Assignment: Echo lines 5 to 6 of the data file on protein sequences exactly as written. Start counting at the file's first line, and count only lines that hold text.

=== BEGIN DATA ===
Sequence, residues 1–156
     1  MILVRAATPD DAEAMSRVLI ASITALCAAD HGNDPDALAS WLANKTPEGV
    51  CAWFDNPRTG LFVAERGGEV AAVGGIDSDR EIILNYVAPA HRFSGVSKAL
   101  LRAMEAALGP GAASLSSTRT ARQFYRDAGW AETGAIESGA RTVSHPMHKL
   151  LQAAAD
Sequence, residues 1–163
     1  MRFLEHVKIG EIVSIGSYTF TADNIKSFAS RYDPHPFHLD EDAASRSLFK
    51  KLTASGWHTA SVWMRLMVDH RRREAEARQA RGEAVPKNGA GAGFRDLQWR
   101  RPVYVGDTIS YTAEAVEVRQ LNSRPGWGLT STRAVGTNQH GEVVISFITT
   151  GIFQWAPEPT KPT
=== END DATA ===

   151  LQAAAD
Sequence, residues 1–163